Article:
Nintendo’s profit expectations have halved, prompted, in part, by currency headwinds. The Japanese yen’s safe-haven status has rendered it unusually strong
Video games multinational Nintendo has halved its profit forecast for its financial year, which culminates in March. The corporation now expects its net profit to clock in at 17bn yen (JPY), as opposed to the previous estimate of 35bn yen.
The disappointing figures have been exacerbated by currency exchange machinations. Despite clear fundamental reasons why the yen should be weak against currencies like the US dollar (USD) and pound sterling (GBP), the Japanese currency has seen unusual strength.
Nintendo is rooted in a country suffering from weak long-term economic growth. The Bank of Japan (BoJ)’s latest monetary policy strategy –as announced in January – was to adopt negative interest rates in order to boost capital liquidity, and to advance inflation (currently at 0%, far from the central bank’s target of 2%). This should have weakened the yen.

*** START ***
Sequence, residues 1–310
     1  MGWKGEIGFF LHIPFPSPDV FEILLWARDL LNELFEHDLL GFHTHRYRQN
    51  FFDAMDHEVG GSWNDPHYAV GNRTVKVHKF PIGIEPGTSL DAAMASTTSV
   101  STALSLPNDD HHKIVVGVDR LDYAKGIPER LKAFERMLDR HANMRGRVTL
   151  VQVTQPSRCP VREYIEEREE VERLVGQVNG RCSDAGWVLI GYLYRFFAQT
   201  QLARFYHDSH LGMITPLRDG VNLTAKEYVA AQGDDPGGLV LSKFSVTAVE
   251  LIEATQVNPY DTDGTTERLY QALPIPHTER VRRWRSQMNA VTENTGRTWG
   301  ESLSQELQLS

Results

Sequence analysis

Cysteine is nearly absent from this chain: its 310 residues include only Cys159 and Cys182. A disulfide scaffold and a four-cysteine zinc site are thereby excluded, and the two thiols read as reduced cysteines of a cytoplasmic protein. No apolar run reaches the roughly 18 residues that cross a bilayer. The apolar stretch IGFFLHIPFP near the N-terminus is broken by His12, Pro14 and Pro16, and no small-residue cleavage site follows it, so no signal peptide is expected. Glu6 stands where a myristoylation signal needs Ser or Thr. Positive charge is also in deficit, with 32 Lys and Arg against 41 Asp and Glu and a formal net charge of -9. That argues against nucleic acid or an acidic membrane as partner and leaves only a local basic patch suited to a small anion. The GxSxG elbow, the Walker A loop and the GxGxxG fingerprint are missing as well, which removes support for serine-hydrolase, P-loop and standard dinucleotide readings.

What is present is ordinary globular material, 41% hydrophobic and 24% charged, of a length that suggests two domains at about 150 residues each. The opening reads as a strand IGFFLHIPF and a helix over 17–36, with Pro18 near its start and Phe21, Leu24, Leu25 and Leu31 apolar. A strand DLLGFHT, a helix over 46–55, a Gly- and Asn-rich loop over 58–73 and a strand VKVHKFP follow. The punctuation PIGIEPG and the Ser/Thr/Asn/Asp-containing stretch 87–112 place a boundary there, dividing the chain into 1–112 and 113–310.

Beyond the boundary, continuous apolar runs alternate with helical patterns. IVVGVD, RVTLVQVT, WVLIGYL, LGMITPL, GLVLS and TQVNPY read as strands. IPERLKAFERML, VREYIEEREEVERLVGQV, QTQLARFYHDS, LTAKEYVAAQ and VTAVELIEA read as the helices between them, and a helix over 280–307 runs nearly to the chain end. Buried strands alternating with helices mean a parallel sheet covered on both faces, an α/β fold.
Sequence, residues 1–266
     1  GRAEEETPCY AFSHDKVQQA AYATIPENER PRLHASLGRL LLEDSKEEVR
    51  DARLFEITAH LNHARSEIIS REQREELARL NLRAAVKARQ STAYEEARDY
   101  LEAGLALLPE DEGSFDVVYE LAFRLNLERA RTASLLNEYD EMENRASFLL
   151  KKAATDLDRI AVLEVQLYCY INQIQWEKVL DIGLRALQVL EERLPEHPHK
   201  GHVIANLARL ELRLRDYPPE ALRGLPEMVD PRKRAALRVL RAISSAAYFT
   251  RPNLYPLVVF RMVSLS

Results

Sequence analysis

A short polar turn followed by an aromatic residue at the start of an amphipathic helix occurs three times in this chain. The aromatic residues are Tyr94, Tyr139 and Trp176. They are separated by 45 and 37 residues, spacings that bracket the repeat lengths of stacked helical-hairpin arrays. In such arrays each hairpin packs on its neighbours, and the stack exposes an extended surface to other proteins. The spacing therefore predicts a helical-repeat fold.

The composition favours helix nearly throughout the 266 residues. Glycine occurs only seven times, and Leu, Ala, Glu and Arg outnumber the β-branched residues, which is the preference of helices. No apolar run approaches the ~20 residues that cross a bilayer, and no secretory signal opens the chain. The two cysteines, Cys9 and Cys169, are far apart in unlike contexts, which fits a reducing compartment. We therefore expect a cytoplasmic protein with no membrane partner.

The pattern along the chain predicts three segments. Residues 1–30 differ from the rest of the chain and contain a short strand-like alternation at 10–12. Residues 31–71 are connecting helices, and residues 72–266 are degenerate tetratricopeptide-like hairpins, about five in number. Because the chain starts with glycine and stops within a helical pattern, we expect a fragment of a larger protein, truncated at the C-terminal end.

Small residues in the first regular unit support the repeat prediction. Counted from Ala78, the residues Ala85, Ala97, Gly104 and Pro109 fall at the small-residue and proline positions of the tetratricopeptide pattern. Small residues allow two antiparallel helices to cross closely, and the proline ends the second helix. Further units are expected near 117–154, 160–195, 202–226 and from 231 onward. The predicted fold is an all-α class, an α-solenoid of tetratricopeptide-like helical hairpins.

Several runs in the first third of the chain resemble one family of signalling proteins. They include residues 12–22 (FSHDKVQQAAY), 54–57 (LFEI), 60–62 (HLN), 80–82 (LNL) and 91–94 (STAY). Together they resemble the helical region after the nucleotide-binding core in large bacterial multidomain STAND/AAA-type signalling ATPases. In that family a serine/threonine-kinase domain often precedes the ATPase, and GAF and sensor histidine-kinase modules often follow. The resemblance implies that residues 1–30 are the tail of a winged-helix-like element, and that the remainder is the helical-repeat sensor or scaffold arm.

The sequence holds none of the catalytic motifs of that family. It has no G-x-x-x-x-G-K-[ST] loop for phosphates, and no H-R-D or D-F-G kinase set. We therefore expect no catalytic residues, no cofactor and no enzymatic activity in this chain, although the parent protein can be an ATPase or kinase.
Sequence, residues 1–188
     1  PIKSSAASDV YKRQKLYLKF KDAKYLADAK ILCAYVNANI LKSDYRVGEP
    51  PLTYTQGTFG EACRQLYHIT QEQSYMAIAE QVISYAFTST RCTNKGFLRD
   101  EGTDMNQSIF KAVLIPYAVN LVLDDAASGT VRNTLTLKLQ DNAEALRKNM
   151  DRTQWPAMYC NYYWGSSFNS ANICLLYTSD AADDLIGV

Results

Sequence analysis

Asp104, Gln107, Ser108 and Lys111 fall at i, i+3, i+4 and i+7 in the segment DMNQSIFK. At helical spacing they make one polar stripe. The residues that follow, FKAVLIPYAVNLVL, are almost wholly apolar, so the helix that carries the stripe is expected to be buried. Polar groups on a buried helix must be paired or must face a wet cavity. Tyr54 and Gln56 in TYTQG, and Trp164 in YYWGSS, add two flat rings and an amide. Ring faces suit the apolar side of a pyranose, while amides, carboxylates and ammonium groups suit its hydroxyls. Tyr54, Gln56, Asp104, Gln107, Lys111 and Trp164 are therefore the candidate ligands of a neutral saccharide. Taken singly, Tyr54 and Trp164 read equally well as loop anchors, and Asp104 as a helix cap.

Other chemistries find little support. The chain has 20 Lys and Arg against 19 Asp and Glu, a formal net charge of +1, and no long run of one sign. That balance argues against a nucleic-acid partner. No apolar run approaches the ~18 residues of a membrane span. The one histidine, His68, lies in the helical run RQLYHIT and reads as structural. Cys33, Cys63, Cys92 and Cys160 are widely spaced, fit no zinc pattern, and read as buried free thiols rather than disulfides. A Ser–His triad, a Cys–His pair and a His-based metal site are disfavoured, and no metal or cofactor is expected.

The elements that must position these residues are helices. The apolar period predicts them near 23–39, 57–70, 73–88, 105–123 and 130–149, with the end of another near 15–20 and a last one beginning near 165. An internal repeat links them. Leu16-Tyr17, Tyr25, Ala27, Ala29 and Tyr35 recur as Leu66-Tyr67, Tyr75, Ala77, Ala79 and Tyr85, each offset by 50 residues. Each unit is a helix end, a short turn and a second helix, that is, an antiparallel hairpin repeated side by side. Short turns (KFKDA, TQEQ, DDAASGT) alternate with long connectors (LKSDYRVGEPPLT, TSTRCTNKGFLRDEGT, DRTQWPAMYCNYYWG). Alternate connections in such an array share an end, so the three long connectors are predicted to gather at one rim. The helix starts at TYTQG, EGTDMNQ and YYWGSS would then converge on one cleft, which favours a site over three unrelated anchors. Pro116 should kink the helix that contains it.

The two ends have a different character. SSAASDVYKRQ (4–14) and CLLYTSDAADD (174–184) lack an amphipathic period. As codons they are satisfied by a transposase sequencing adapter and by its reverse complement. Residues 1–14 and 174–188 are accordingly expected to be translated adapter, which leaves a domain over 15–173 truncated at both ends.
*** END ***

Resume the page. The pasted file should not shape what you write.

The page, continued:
However, the surprisingly strong Japanese currency, powered by its safe-haven status, has surged by 15% since last summer. This has been invoked by international factors, such as the US hike in interest rates in December, the ongoing slowdown in growth in China, as well as the growing concerns over global growth.
Given that about three-quarters of Nintendo’s total sales are from overseas, its profits are highly reliant on how the yen is faring in currency markets. A strong yen has constricted the company’s profits from sales made abroad.
With an expected overall revenue of 500bn yen, the firm is hardly in the red, but this tumble in expected revenue will make it hard for the corporation to level up in an increasingly competitive market.
Written by Yi Ling Huang | 26/02/2016